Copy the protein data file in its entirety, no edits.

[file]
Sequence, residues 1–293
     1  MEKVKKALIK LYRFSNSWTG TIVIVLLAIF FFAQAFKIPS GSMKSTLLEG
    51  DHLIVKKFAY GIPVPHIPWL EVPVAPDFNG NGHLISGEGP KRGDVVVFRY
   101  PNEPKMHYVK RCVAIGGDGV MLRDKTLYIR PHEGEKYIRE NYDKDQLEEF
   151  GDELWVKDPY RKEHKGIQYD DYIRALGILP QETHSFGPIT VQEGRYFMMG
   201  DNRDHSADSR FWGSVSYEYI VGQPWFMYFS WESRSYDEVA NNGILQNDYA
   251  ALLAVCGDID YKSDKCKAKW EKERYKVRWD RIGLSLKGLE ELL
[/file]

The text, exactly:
Sequence, residues 1–293
     1  MEKVKKALIK LYRFSNSWTG TIVIVLLAIF FFAQAFKIPS GSMKSTLLEG
    51  DHLIVKKFAY GIPVPHIPWL EVPVAPDFNG NGHLISGEGP KRGDVVVFRY
   101  PNEPKMHYVK RCVAIGGDGV MLRDKTLYIR PHEGEKYIRE NYDKDQLEEF
   151  GDELWVKDPY RKEHKGIQYD DYIRALGILP QETHSFGPIT VQEGRYFMMG
   201  DNRDHSADSR FWGSVSYEYI VGQPWFMYFS WESRSYDEVA NNGILQNDYA
   251  ALLAVCGDID YKSDKCKAKW EKERYKVRWD RIGLSLKGLE ELL